Playing for Keeps

Playing for Keeps is a feel-good movie. As such, it follows a well-trodden path, drinking deeply from a formula that is as old as it is re-usable. In this case, the movie’s direction, pace and plot are recognisable from the beginning, and the audience is meant to know what is going to happen in the end.

The plot is simple. The film opens with doctored clips of Scottish football star George Dryer (Gerard Butler) scoring the winning goals in some of the most famous games of the last decade, shot in suitably grainy style. Cut to down at heel Scottish former football (soccer) star Dryer, who has inexplicably lost all of his money, and is reduced to selling his European Cup winners’ medal to pay his $900 security deposit. From the beginning, therefore, the film establishes its story as one plucked from the realms of fantasy. Can an inhabitant of the real world really conceive of this sort of thing happening? Even the most surface-level knowledge of the social and economic condition of western society in the present day would render the viewer aware that we are not dealing with a film about reality.

From thence we are made aware that this Scotsman is in Virginia to be near his young son, who is living with his estranged wife (Biel) and her mute fiancé (he has about two lines in the whole film). Rapidly, he ends up coaching the school soccer team, which naturally puts him at the centre of attention of the town’s array of beautiful, unsatisfied yummy mummies. These range from the hysterical Judy Greer (whose character, literally, breaks down in tears during her first conversation with Coach Butler on the soccer field, to flag up just how very frustrated she is), to the predictably sorted and sexual Catharine Zeta-Jones, to the visibly drugged up trophy wife of obnoxious business-man Dennis Quaid, Uma Thurman. Cue relations between Butler and all of them, as they (again, literally) throw themselves on his tender mercies. This is merely background noise though for the main theme of the film, which is Butler’s quest for redemption through proximity to his son, and there are plenty of predictable father-son bonding sessions to boot.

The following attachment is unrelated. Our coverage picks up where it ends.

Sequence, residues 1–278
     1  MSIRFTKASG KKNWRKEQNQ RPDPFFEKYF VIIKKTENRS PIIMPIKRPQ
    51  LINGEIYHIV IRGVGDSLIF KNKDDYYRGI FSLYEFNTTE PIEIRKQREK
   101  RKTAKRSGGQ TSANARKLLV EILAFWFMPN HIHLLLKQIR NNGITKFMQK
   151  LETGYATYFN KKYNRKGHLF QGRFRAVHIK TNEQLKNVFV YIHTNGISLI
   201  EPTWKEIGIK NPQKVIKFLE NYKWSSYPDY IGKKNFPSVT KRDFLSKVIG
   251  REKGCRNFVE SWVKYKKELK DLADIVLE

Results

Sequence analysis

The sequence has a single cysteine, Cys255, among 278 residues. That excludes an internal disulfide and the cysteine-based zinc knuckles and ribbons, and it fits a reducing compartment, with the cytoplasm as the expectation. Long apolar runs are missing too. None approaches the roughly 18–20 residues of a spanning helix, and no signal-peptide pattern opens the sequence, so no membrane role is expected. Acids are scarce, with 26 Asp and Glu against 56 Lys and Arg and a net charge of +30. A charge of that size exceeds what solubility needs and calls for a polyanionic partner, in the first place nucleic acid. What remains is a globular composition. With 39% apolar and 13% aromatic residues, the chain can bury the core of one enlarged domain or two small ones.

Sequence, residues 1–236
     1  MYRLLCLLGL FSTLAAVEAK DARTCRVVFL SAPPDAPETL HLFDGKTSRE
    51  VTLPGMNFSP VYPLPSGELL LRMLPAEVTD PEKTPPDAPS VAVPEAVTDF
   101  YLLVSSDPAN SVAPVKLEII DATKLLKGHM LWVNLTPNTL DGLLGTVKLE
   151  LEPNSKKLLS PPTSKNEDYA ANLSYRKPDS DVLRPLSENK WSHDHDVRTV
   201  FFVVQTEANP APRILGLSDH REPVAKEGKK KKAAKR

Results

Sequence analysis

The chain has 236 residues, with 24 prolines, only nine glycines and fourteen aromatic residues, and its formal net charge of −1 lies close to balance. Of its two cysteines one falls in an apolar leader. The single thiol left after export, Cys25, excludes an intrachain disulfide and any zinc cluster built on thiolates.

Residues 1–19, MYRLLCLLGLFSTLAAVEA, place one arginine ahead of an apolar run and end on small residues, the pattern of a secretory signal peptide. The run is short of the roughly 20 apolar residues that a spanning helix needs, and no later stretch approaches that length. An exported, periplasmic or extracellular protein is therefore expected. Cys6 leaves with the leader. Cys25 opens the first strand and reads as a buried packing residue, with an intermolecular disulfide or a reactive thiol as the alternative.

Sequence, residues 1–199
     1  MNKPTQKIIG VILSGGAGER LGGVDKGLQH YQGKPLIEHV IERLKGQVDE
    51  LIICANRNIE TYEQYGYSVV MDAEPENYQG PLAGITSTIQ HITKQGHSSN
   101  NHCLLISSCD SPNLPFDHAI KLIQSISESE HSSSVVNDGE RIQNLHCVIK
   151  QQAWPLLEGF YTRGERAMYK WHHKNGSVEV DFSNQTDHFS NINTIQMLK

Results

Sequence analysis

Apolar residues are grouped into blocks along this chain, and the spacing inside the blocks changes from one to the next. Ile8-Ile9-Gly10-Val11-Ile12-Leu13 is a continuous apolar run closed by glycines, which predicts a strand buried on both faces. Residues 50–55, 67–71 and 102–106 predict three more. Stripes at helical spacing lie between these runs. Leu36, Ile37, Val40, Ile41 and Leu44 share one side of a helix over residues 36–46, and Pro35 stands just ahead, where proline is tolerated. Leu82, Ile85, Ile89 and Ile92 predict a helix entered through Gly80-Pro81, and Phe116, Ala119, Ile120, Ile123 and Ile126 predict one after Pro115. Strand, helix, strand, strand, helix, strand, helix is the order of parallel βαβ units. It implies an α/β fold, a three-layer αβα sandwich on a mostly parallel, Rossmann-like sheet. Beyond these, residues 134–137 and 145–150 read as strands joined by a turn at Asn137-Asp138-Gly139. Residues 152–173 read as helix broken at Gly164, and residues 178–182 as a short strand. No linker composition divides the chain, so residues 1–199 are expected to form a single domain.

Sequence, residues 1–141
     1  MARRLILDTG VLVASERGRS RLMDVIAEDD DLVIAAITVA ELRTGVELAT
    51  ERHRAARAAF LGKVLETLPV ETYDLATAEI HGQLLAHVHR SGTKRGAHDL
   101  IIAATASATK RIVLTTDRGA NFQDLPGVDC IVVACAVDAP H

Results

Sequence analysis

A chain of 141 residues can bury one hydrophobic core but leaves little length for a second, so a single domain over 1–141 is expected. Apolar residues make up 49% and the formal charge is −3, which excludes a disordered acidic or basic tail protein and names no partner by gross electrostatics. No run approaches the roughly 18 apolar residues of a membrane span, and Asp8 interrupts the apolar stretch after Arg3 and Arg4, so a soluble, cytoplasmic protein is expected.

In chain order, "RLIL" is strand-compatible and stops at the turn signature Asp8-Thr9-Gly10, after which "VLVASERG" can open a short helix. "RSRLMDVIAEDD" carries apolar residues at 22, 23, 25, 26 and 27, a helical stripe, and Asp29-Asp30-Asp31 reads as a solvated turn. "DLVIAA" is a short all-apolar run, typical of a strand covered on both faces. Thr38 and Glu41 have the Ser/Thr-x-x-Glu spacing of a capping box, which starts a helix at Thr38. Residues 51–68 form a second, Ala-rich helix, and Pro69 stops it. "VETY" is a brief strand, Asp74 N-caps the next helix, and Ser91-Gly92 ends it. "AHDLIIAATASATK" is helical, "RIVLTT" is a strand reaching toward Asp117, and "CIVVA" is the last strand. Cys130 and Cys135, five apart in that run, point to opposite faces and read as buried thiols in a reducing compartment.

The economic plot is ridiculous in these times, and unrealistic. It is no longer possible now for a football star to find himself unable to pay a $900 security deposit. Repeat: it is simply not possible. This kind of hero-to-zero myth propagated by the film makers is an insult to the inhabitants of this unequal western world. Similarly, the depiction of the women of the film was uniformly clichéd and embarrassing, particularly Uma Thurman and her relationship with equally ridiculous husband Denis Quaid. Is this film trying to make some sort of statement about female inequality? If so it completely fails for myriad reasons, most obviously in using the tired formula of philandering wealthy jealous husband with trophy housewife who needs her needs fulfilled by manly-man Butler. Thurman looked high throughout.

Now I have a confession to make. Feel-good factor was effective in my case. Despite knowing very well what the film was doing, I still found it possible to imagine that this sort of cheap dialogue and formulaic structure could speak to the majority of the movie-going public (I have been proved wrong – no one went to see it). Maybe it was the domestic father-son, broken marriage, shattered dreams, down-at-heel scenario being saved and regained – the possibility that lives can be rescued – which got to me. I don’t know.

I suppose what I am trying to say is that this film knows its audience, and it panders to them. It gives them what it wants. To make a potentially ludicrous comparison, Shakespeare knew his audience in the 17th century, and gave them what they wanted. As You Like It is practically a play-through of pastoral-romance conventions. The big, and finally important, difference, aside from the quality of the writing, is that Shakespeare was able to slip in delicious morsels of nourishment for the reflective in his audience to chew on. He satisfied the high and the low requirements of the crowd. Playing for Keeps most certainly was not do that. It is another addition to the hundreds of hours of cinema produced every year which serves only the unreflective parts of our brains, and for that, I must condemn it, vindictively.

I feel slightly as though I’ve been mugged by this film. HOW DARE THEY MAKE ME CRY. IT’S CLEARLY RUBBISH. But it did. And I am thoroughly ashamed.

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